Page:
In one corner of the sprawling Photofairs Shanghai, a fan grabbed photographer Liu Heung-shing to ask about one of his Pulitzer Prize-winning shots on display. Zhou Yupeng, the former vice-mayor of Shanghai, told Liu that his 1991 photograph of Mikhail Gorbachev, taken just after the last Soviet leader’s resignation speech on Christmas Day, had long been his favourite image and he wanted to know all about the composition and the reasons for the long exposure.

It is a delicious irony that the two men reliving a historic moment in communist history were standing in what used to be the Sino-Soviet Friendship Building, now a commercial exhibition centre teeming with corporate sponsorship messages. But amid the hubbub of opening day at the international marketplace, it went largely unnoticed.

The third edition of Photofairs Shanghai was held from September 8 to 10 in what is now called the Shanghai Exhibition Centre, also known as the “wedding cake” because of its elaborate central tower. The fair attracted a record 27,000 visitors, and in the middle of the fray, ringmaster Scott Gray was gesturing to the non-English-speaking security guard to stop letting VIPs enter the main hall, stunningly lit by arches of lights, from the main staircase.

“We have in mind a specific flow, so that visitors can take in the booths in the side galleries. After all, we have rented a third more space this year so that the booths are a little bit bigger and we have raised the level of prestige by setting up a proper VIP lounge,” he said.

Gray is chief executive officer of the World Photography Organisation, the fair’s organiser and a subsidiary of Angus Montgomery, the trade-show empire that knows a lot about how to drive people to buy art. Its head, Sandy Angus, was among the founders of ArtHK – sold for a lot of money to Art Basel’s parent company MCH Group – and, in 2011, bought a stake in the India Art Fair, another local fair that MCH has decided to take a majority stake in recently.

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The content of the Shanghai photography fair has changed significantly over the past three years to adapt to evolving Chinese tastes. This year, most of the 700 photo­graphs, offered by 50 galleries from 15 countries, were contemporary works. Just two years ago, the inaugural fair played it safe with a lot more best-selling vintage prints by the likes of Henri Cartier-Bresson and Robert Capa.

The buyers have evolved, too, from mainly comprising serious collectors with more than 50 artworks to their name, to what Gray called “the luxury buyers”, people with high disposable incomes looking to buy some­thing beautiful for their walls, or to park some of their wealth in artwork they hope will appreciate in value.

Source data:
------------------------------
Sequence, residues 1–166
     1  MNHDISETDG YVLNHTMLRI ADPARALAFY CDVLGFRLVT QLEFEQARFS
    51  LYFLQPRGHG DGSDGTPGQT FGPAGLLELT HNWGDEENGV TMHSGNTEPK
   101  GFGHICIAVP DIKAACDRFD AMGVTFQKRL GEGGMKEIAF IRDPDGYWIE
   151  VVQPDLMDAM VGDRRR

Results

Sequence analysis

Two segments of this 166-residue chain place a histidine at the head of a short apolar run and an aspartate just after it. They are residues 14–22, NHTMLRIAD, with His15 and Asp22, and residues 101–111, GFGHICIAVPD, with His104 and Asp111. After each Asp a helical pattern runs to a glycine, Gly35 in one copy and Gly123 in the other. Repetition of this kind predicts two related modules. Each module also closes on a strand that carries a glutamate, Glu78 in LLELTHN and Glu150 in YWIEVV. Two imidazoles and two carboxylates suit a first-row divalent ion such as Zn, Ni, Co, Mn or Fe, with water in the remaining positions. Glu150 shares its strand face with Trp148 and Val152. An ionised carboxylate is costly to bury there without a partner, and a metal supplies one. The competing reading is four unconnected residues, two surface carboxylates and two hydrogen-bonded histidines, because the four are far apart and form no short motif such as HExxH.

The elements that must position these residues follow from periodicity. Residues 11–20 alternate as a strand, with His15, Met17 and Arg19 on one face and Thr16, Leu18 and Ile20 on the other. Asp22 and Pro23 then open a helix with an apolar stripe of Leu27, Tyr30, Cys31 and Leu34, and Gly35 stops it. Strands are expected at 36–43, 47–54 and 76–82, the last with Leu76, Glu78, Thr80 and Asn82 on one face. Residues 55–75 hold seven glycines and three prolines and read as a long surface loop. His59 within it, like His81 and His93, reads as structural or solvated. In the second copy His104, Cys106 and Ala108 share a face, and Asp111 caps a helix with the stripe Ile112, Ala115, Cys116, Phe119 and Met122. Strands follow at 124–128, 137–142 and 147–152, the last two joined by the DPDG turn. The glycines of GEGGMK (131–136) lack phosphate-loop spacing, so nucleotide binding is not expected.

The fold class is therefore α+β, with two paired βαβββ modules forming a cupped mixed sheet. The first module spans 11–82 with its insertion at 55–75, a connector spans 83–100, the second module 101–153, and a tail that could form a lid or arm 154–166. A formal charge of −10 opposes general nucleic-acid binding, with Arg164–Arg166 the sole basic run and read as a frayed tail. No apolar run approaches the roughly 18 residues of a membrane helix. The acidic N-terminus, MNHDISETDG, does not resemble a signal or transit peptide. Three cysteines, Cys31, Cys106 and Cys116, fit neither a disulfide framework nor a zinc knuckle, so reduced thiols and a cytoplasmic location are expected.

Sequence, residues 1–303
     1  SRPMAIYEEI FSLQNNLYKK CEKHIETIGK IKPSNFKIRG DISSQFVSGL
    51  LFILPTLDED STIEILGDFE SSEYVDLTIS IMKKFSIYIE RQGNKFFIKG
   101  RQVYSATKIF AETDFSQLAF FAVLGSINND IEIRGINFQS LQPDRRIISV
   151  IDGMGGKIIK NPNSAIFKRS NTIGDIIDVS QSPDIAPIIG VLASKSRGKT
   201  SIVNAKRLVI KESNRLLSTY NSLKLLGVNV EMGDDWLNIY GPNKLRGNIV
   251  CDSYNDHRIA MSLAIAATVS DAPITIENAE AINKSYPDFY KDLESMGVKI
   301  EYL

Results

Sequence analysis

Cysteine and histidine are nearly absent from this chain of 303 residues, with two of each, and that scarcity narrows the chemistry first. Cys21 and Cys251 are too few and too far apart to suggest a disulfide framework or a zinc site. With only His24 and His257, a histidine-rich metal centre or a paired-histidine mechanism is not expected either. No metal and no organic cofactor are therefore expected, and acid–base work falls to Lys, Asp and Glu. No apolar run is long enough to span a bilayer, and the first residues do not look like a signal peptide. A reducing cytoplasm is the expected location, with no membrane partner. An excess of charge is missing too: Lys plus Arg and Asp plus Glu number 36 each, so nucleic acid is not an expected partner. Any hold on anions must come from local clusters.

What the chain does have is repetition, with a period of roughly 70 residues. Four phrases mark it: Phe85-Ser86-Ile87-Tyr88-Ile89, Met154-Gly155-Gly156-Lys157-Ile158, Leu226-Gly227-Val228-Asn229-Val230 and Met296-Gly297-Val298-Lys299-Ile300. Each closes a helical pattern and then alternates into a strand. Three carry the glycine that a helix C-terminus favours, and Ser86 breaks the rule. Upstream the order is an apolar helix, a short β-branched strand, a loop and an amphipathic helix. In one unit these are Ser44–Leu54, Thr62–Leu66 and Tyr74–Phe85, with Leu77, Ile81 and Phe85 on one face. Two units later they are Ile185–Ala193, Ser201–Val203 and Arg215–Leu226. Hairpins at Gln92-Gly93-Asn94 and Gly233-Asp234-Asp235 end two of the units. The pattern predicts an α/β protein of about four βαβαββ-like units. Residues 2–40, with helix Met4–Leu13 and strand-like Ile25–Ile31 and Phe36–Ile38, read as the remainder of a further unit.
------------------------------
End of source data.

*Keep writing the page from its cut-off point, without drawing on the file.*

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Respect for photographic art as a way to document history is pretty entrenched in China. Following Mao Zedong’s initiation of the Great Leap Forward, dozens of local camera makers emerged, with many copying the technology of European and Japanese brands and making photography relatively affordable to the masses. (Remember those Seagull twin-lens reflex cameras?)

That’s why somebody like Liu, born in Hong Kong and well-known for his stunning pictures of Tiananmen Square in 1989, now has his own photography centre in Shanghai. Numerous, non-commercial international photography festivals celebrate the medium in all corners of the country, including out-of-the-way corners such as Shanxi province, where the Pingyao International Photography Festival has just wrapped up its 16th edition.

But it wasn’t a given that photography would be seen as a good investment. People worry about whether prints last, and whether there will be too many editions. The Shanghai fair tries to convince locals – 80 per cent of visitors are local Chinese – by involving people such as Qiao Zhibing, one of the world’s most avid buyers of art, including photo­graphs. The fair programme included an interview with Qiao about a photography exhibition he held concurrently in his own art space.

Gray says China’s market is not a laggard, to be shown by the West what collecting means. Which is why this Chinese fair is being exported to San Francisco in January (and why they had to rename Photo Shanghai as Photofairs Shanghai).

Artistic director Alexander Montague-Sparey hopes Photofairs San Francisco will attract Silicon Valley wealth and ride on the excitement created by this year’s opening of the Pritzker Centre for Photography in the city, despite the cancellation earlier this year of Paris Photo LA owing to poor response. Organisers also hope the area’s large Chinese population will be interested, given that the fair will feature Chinese galleries.